AMC Theatres Tries to Win Over Retail Investors With “APE” Dividend

AMC Entertainment Holdings is issuing a special dividend to thank its retail investors, but so far they don’t seem to be buying it.

Just ahead of earnings Thursday, the company announced it would issue a special dividend to investors of one AMC preferred Equity unit for each of AMC Class A common stock outstanding at the close of business on Aug. 15. The company has applied to list these units on the New York Stock Exchange under the symbol “APE,” in reference to the group of investors who have helped revive the stock, starting Aug. 22.

“While no crystal ball can accurately predict stock market swings or volatility, the economic interests that our shareholders will have in both shares and APEs will be in a company that we believe is considerably stronger than AMC is now,” AMC Entertainment CEO Adam Aron told analysts on an after-market conference call.

Investors got a taste of that market volatility as shares in AMC dropped eight percent after hours on Thursday, as the theater chain saw increasing attendance, but reported continued losses related to its unique investment strategies.

Aron revealed on the call he held $15 million in AMC stock and around a $50 million stake in the company. “I have more than a $50 million economic stake in AMC,” Aron said, adding: “That is a powerful incentive for me to do what is right for all of our shareholders.”

In the second quarter, the theater chain reported total revenue of $1.2 billion, compared to $444.7 million in the year earlier quarter. It reported a net loss of $121.6 million compared to a net loss of $344.0 million a year ago. 

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Attendance reached 59 million people, up 168 percent from 22 million a year earlier. Aron cited the popularity of films such as Doctor Strange in the Multiverse of Madness, Elvis and Top Gun for boosting attendance during the latest financial quarter.

“Our Q2 2022 results, in our minds, prove once again what we have long said, that as Hollywood releases movies with broad consumer appeal, people will flock to see them at movie theatres in huge and eye-popping numbers,” Aron said. 

On the analyst call, Aron pointed to a number of hit tentpoles at the box office during the latest quarter, led by Tom Cruise’s Top Gun: Maverick. “I’ve seen it myself four times now,” he added about Top Gun: Maverick, before as during earlier analyst calls taking aim at critics of AMC’s recovery strategy, whom he referred to “profits of doom.”

“To the naysayers, who foolishly have been predicting a secular decline of theatrical exhibition, well, all I can say is you’ve seen my feisty hashtags on Twitter. You know what I say,” Aron said. But the AMC Theatres head warned of a box office slowdown for Hollywood summer releases at the local multiplex in the current quarter.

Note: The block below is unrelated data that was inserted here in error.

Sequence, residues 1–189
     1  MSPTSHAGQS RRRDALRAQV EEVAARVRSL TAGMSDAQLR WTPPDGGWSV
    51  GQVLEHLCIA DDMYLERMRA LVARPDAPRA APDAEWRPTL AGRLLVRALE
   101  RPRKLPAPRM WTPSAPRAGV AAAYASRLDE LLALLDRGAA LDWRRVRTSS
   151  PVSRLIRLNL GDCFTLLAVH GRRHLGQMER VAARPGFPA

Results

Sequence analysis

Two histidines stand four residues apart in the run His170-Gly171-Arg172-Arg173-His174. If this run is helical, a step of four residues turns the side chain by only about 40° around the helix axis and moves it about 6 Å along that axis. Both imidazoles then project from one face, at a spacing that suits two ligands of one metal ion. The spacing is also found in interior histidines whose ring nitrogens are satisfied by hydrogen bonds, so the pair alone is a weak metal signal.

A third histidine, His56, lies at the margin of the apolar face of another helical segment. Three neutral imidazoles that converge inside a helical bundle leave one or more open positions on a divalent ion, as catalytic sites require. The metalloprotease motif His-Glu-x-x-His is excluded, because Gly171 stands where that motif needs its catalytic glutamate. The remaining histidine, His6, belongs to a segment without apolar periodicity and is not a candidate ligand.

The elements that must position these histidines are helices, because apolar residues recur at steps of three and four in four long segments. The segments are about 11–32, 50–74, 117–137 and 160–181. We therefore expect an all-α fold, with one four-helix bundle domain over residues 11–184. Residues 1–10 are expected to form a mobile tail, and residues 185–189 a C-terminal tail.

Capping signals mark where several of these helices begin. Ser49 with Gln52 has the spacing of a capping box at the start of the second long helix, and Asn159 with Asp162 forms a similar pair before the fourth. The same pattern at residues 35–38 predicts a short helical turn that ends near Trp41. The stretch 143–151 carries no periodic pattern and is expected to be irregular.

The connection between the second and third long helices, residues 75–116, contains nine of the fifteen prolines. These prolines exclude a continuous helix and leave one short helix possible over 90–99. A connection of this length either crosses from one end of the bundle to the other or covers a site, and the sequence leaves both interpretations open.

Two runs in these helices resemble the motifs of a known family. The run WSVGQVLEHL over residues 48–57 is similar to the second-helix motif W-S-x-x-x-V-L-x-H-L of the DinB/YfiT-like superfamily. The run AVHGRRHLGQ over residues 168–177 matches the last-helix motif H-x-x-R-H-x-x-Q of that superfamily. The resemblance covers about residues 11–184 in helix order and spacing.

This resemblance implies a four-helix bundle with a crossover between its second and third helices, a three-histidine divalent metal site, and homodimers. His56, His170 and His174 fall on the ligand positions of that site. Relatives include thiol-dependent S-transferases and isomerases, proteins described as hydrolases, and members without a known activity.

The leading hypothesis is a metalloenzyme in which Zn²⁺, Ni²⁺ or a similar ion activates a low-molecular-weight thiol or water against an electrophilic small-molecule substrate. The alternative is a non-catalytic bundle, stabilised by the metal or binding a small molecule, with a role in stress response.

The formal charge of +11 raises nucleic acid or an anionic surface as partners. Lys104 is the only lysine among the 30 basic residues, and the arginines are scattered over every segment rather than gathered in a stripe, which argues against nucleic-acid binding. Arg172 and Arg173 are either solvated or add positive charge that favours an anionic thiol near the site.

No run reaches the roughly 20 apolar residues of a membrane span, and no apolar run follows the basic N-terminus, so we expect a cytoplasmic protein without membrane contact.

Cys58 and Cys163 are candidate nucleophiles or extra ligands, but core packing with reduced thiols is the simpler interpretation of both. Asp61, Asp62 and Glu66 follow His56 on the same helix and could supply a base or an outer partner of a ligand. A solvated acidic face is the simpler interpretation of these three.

“Things will slow for several weeks. Don’t expect too much of us for all of Q3,” Aron added, before pointing to an expected strong fourth quarter, with Hollywood titles like Black Adam, Amsterdam and the sequels to Avatar and Black Panther.

Aron also discussed on the call the company’s recent $28 million stake in mining company Hycroft Mining, which due to “market price volatility” impacted the company’s earnings as AMC wrote down the value of the investment by nearly $10 million.

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“We have every confidence that our Hycroft investment will pan out, excuse the pun, to be quite lucrative for AMC,” Aron said as he touted one of the company’s latest moves to diversify into alternative revenue streams away from movie exhibition.

In early 2021, AMC became a popular stock among retail investors, after the company appeared close to bankruptcy amid the pandemic fallout at movie theater chains. The stock surge helped the company strengthen its financial position, as executives seized upon it to sell shares and repurchase debt.

While the initial stock momentum has faded (shares have climbed 30 percent in the past three months, but fallen 43 percent over the past year), AMC has continued to use the runs to make a series of strategic investments to bolster its finances, which included the $28 million investment in Hycroft Mining.

In the months ahead, Aron said July was a big month for the company, with attendance in July 2022 hitting the highest number of guests in the company’s U.S. theaters since December 2019 and preliminary food and beverage numbers for the month marking the “biggest single-month figure at our U.S. theatres in our company’s entire 102-year history.”

During the call, Aron argued Hollywood had turned thumbs down on streaming platforms as consumers returned to the local multiplex and major studios realized how much money could be made with exclusive runs for their titles in theaters. “I believe that you take all this together, and Hollywood is turning away from streaming, Wall Street is turning away from streaming and Hollywood is coming back to theatrical exhibition,” he insisted.

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Aron also looked ahead to next year as he predicted a continuing box office recovery. “Our current internal forecast is that the 2023 domestic box office, the basic metric suggesting the health of theatrical exhibition both in the U.S. and globally, will be billions of dollars larger than that of 2022. We look forward to Q4 of 2022 and calendar year 2023 with glee,” Aron said.